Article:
POTENTIAL SPOILERS AHEAD!
Kick-Ass presented moviegoers with a very different kind of superhero story. The 2010 film – which starred Aaron Taylor-Johnson as the titular hero – aimed to address the question of what would happen if an average, everyday teen were to actually go moonlighting as a crime-fighting vigilante.
A sequel is on the way this summer, and now, Kick-Ass comic book writer Mark Millar – who's also busy overseeing Fox's shared Marvel movie universe – reveals just how committed the series is to portraying the realistic (and inherently violent) repercussions of being a superhero.
According to SFX, Millar said that a third film is being planned but that it would conclude the main character's arc in a way that may surprise fans used to the endless adventures of other comic book icons. Here's what he had to say:
"'Kick-Ass 3' is going to be the last one, though. I told Universal this and they asked me, ‘What does that mean?’ I said, ‘It means that this is where it all ends.’ They said, ‘Do they all die at the end?’ I said, ‘Maybe’ – because this is a realistic superhero story. And if someone doesn’t have a bullet proof vest like Superman and doesn’t have Batman’s millions then eventually he is going to turn around the wrong corner and get his head kicked in or get shot in the face. So 'Kick-Ass' needs to reflect that. There has to be something dramatic at the end, he cannot do this for the rest of his life."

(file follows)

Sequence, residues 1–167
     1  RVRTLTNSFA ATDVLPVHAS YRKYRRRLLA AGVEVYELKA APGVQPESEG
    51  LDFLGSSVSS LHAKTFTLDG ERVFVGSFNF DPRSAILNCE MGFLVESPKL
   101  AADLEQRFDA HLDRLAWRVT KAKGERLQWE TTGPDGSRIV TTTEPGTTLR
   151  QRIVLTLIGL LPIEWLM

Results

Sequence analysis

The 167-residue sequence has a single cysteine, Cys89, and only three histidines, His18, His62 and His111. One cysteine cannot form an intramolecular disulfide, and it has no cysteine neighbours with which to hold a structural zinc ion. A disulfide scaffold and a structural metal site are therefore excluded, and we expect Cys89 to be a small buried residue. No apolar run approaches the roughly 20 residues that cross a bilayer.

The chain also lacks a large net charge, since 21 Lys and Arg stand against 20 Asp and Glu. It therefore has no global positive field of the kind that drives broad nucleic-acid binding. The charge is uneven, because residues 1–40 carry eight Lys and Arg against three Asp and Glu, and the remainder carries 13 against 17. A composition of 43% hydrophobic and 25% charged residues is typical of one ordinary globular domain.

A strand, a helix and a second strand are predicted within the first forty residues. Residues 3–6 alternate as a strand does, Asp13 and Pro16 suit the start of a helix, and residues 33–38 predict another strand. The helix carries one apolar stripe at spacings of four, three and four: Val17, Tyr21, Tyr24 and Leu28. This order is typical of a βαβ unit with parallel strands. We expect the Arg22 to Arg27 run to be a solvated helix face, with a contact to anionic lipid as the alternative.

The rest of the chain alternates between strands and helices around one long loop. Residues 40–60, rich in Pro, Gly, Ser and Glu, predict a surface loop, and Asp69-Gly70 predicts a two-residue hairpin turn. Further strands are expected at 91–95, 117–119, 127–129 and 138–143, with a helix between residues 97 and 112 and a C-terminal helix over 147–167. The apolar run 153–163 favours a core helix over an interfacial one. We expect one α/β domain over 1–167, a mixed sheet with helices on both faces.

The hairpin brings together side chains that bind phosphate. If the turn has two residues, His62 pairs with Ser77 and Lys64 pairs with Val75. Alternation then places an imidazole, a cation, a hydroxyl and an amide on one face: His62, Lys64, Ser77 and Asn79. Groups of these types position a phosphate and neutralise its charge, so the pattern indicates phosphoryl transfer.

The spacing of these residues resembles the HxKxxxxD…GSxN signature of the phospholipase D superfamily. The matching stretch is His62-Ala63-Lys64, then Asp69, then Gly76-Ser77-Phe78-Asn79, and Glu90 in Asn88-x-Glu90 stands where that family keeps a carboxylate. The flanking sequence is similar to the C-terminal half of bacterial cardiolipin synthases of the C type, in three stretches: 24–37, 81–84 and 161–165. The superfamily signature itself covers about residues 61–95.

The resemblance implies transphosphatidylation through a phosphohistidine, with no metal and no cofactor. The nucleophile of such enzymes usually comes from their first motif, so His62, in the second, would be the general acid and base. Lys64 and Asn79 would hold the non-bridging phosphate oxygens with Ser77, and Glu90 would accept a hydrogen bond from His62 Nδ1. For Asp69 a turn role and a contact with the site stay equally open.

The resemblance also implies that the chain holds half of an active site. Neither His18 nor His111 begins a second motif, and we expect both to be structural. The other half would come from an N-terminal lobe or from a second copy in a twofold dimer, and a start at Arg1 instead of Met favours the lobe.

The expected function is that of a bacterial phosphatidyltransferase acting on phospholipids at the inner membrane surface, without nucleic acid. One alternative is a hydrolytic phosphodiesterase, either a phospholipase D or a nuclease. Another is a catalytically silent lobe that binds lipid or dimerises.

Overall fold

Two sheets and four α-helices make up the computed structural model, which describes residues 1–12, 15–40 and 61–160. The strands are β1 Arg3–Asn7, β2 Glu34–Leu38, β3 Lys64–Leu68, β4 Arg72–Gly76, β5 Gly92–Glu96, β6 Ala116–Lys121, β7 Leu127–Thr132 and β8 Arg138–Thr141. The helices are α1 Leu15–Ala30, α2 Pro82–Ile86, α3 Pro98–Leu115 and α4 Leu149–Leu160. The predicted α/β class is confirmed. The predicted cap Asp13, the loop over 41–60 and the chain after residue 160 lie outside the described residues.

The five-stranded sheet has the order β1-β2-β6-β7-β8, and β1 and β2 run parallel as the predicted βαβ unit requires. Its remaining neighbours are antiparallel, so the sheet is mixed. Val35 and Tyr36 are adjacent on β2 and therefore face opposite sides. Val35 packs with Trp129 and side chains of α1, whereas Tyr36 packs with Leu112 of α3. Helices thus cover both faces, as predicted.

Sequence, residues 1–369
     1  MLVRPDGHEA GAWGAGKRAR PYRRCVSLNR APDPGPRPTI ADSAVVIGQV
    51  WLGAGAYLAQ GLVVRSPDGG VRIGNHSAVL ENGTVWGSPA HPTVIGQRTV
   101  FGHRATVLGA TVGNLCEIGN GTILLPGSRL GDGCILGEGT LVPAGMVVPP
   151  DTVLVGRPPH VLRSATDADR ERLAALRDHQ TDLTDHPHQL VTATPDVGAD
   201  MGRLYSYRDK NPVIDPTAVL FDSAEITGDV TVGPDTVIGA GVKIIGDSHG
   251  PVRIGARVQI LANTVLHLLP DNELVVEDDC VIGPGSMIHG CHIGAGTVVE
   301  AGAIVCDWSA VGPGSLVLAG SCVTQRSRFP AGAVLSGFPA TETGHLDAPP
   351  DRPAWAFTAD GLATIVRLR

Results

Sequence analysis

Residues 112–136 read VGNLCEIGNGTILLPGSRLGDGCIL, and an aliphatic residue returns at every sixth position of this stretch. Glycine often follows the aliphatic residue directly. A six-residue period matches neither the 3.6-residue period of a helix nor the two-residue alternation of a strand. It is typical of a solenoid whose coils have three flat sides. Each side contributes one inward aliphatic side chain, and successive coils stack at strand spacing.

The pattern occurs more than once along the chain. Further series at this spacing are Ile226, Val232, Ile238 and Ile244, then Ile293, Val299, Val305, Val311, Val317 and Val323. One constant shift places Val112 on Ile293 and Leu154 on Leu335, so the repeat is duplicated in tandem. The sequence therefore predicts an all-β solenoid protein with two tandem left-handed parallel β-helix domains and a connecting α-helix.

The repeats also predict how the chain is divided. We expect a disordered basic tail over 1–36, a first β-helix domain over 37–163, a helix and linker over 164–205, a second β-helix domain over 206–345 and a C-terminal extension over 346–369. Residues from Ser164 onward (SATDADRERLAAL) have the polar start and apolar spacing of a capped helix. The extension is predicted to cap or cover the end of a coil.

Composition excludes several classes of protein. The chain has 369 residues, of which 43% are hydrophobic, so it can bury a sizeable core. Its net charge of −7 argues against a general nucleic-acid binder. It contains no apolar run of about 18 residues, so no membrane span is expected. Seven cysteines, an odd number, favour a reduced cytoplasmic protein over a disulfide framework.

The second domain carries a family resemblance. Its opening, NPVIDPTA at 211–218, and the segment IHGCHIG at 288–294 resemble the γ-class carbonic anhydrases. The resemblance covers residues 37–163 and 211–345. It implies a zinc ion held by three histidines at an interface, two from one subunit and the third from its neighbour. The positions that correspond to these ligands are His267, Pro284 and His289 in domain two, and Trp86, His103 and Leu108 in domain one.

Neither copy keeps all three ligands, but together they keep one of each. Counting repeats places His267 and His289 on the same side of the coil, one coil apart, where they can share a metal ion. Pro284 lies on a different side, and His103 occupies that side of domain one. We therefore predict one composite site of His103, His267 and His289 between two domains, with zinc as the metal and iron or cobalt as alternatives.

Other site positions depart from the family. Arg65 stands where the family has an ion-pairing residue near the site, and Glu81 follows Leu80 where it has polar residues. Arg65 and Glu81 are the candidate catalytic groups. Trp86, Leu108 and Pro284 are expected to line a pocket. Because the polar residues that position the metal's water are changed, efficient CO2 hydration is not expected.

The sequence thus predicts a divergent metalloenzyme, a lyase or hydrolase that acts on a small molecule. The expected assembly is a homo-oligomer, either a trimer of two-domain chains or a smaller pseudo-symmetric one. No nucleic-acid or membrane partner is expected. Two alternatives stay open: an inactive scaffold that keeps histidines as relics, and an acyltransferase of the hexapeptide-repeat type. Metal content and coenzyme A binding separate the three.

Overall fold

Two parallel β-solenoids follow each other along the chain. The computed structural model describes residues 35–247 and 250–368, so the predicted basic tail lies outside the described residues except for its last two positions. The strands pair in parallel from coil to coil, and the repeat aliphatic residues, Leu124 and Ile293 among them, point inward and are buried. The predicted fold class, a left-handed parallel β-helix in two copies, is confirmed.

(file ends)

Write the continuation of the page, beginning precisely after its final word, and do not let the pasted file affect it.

The concept of a Kick-Ass trilogy that follows the rise and fall of a "real-life" superhero makes a lot of sense. The second film will already introduce the fact that these characters are struggling to maintain the duality between their true selves and their alter-egos (a common trope for superhero sequels like Superman 2, Spider-man 2 and, yes, The Dark Knight). But would the filmmakers really kill off the lead character? Quite possibly.
From the outset, Kick-Ass established that Dave Lizewski (Taylor-Johnson) was in over his head, and if the films truly hope to retain some semblance of realism, his death would be an inevitability. Plus, unlike heroes like Batman and Superman, the Kick-Ass films are each based on specific comic book stories. There's no well of untold stories out there. Both the Kick-Ass 2 and Hit Girl comics will be included in the story. So, much like something like Watchmen, there is a finite story to tell.
Given Millar's remarks above, it's a safe bet that – even if Kick-Ass lives to the end credits of the third film – the franchise might wrap up his arc by having him quit the hero game for good. Of course, this is all pure speculation at this point, as the second film has yet to be released.
How would you like the prospective Kick-Ass trilogy to end, Screen Rant readers? Would the character's death (perhaps during an act of heroism) be a satisfying conclusion? Let us know in the comments.
Kick-Ass 2 arrives in theaters on June 28th, 2013.
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